That makes no sense, because, as the Tenth Circuit itself has said in other cases, the fact that someone is willing to keep speaking despite risk of punishment doesn’t deprive that person of the right to challenge the constitutionality of punishment. For example, in a 2019 case—also from New Mexico—federal courts ruled that a professor who was retaliated against for speaking out about improprieties at her school could still sue even though she “show[ed] extraordinary persistence” and refused to be silenced.
Yet in Rio Grande’s case, the court created a new rule holding that “an element of a chilled speech injury is an actual intention not to speak,” meaning that only a person who is afraid to speak, but not afraid to sue, is allowed to bring a First Amendment lawsuit. That’s illogical—and likely to slam the courthouse doors to many people and organizations who should be allowed to defend their constitutional rights.
We urge the Supreme Court to take up this case and vindicate Rio Grande’s freedom of speech.
You can read our petition here and learn more about the case here.
While RGF is pleased by Albuquerque voters’ overwhelming rejection of the proposal to build a taxpayer-financed soccer stadium near downtown, we recognized all along that the Team was not going to give up their quest for a new stadium.
Channel 7 KOAT laid out some ideas including potential stadium locations on tribal lands. RGF expects that, given the massive surpluses available to the Legislature and Gov. Lujan Grisham, we could see significant state dollars used to fund a stadium even if Albuquerque voters have rejected the concept.
If you’d like to listen to Rio Grande Foundation president Paul Gessing discuss the 2021 election results (and numerous other issues later on), check out his recent interview with Jim Williams of KLYT 88.3FM on ABQ Connect. Paul is a regular guest on Jim’s show, but he has regular guests on a variety of local issues of interest.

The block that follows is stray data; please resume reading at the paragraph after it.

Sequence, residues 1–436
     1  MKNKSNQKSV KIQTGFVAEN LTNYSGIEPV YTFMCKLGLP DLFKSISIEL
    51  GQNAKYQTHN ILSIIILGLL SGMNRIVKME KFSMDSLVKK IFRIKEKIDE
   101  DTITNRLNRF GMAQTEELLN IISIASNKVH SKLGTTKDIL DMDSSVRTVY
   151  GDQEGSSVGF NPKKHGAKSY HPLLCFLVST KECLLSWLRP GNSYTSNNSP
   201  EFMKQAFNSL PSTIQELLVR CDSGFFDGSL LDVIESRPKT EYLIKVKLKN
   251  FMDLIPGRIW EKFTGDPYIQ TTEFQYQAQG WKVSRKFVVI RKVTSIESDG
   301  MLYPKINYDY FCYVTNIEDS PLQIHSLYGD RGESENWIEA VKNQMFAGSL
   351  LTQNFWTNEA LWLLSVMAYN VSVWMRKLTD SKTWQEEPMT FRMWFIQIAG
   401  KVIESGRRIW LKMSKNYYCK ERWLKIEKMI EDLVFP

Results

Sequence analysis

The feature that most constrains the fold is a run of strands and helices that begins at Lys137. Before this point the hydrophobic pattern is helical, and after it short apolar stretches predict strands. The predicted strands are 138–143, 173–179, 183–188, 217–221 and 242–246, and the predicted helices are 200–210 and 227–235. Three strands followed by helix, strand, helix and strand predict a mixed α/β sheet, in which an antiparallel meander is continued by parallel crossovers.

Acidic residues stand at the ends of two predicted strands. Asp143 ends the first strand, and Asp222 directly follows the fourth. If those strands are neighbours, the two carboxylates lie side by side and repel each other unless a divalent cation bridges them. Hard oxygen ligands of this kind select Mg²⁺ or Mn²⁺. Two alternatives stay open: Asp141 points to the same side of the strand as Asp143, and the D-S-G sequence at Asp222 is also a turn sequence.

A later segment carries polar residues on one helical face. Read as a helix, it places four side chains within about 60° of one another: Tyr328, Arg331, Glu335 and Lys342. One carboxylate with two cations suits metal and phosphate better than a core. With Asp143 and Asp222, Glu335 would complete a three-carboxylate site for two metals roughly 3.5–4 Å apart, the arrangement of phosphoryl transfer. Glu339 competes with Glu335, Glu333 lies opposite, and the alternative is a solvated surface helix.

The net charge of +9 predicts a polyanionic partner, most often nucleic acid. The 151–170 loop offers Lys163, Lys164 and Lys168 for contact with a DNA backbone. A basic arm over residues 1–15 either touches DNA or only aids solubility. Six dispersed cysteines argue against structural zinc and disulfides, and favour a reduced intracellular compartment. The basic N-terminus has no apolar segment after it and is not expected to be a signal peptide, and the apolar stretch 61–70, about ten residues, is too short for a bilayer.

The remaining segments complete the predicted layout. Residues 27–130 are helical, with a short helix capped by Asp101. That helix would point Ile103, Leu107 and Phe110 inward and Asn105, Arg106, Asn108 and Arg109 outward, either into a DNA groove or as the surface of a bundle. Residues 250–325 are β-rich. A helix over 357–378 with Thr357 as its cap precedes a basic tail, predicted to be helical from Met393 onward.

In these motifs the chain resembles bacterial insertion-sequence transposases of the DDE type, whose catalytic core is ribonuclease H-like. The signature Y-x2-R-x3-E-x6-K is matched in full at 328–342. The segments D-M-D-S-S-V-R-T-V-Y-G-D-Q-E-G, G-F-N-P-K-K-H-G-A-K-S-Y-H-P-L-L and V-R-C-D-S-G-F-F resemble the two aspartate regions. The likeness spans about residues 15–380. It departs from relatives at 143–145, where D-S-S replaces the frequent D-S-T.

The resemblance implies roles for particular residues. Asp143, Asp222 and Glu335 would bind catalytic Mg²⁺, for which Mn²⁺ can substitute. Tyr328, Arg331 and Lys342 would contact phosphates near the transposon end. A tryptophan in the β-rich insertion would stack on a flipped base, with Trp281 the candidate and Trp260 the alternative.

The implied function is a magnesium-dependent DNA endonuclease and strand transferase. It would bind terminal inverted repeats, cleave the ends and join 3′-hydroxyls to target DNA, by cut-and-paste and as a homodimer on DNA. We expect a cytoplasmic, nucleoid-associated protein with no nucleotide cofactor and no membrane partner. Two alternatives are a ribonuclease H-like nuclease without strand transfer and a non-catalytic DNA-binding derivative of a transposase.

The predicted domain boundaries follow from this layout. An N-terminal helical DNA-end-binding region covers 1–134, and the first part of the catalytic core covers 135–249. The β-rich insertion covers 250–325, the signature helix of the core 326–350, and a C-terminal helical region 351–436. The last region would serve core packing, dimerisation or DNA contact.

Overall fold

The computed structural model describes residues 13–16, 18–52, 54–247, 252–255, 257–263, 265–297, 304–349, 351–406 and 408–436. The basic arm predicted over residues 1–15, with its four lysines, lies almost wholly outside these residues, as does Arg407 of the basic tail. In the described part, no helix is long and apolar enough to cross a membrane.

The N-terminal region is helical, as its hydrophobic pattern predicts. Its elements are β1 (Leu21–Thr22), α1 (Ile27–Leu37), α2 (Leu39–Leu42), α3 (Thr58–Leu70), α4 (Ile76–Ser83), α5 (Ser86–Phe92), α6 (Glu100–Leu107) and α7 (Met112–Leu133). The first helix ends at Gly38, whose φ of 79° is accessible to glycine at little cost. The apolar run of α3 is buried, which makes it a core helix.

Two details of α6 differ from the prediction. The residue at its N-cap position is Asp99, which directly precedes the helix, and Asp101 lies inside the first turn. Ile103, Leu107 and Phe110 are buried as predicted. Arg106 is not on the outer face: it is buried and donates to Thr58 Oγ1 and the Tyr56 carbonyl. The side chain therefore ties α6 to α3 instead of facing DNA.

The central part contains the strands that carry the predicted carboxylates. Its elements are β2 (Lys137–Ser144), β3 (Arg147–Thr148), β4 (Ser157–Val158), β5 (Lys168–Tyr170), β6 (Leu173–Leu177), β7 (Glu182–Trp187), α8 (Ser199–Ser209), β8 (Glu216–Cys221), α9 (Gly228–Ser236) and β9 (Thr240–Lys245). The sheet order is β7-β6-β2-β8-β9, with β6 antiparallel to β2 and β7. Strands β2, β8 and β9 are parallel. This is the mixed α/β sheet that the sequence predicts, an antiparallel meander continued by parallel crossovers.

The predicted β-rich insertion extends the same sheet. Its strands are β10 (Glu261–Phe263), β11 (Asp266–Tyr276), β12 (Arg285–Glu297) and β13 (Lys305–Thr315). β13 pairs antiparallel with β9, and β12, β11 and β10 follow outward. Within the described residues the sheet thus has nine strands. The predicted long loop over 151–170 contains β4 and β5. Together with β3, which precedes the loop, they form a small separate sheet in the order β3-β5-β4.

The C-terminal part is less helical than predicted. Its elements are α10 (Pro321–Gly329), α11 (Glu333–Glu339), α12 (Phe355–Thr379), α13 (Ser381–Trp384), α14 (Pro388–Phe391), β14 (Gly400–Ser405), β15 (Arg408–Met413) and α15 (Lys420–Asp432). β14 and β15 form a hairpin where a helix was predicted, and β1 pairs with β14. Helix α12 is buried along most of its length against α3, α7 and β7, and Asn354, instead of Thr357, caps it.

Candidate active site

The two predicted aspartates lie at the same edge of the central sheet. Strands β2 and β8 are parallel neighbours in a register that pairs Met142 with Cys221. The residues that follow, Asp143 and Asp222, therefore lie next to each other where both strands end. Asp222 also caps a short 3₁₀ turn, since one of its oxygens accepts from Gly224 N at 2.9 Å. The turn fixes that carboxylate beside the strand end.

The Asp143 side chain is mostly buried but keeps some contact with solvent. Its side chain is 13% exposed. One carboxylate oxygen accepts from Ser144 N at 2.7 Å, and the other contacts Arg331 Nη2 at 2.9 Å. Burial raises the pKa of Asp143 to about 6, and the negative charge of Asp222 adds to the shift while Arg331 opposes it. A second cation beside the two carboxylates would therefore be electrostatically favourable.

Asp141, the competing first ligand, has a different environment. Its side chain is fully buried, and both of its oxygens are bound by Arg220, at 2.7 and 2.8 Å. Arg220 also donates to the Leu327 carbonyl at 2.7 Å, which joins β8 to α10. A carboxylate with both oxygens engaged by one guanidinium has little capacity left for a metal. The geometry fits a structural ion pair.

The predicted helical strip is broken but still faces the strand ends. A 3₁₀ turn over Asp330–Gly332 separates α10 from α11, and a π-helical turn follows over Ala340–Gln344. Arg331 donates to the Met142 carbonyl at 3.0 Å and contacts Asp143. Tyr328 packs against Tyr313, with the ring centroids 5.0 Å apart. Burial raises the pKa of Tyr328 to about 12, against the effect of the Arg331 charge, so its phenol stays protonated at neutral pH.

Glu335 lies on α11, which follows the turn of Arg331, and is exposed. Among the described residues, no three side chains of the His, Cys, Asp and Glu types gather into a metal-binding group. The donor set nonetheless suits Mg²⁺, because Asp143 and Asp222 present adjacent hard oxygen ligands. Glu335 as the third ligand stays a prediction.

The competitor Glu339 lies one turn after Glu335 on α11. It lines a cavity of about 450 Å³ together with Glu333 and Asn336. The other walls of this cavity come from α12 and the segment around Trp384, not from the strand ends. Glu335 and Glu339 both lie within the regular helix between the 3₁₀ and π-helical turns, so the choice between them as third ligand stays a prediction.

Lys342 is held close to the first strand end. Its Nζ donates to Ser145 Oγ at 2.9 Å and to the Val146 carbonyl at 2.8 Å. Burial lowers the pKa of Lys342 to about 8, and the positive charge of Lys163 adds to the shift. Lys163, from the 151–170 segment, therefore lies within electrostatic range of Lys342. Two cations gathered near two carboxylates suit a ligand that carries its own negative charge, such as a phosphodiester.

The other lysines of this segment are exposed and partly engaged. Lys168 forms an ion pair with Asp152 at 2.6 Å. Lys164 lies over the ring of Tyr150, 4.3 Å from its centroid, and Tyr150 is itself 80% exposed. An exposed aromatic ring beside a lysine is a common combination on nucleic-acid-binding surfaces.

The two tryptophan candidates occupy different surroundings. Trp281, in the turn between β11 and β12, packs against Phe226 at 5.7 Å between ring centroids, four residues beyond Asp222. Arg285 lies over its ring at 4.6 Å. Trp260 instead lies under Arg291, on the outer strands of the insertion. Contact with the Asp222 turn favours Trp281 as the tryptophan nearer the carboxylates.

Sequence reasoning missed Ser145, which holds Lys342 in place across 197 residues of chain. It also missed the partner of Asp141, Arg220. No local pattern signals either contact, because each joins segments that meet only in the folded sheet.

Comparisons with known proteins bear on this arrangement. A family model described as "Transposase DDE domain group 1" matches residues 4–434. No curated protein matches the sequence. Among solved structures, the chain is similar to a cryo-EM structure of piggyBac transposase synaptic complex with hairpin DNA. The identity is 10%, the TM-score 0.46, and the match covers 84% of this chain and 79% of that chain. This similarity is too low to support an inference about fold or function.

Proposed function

In terms of local election results, it was obviously disappointing to see Mayor Keller who has done such a poor job managing public safety and the homelessness problem win so handily in Albuquerque. But, the taxpayer-financed United Stadium supported by Keller (and opposed by the Rio Grande Foundation) lost 2-1.
In terms of City Council, the West Side saw the ouster of two incumbents in favor of former Councilor Dan Lewis and newcomer Louis Sanchez.
Two other races are heading to a runoff with the requisite early voting and an “election day” of December 7. Those races include conservative leaning candidates Lori Robertson (District 7 in the mid-northeast heights) and Rene Grout (District 9 in the northeast/southeast heights).
APS school board also saw seats shift from union-backed candidates to more reform-minded candidates including Courtney Jackson, Crystal Tapia-Romero, and Danielle Gonzales .
Early voting at the county clerks’ offices is taking place now. A new poll says that overwhelming majorities of Albuquerque voters are against the use of taxpayer dollars to finance the stadium.
While gratified by this news, we recognize that polls are often inaccurate and that the only poll that REALLY matters is the actual election. So, with this stadium and numerous other important issues on the ballot, be sure to GO VOTE (and bring a friend or family member)!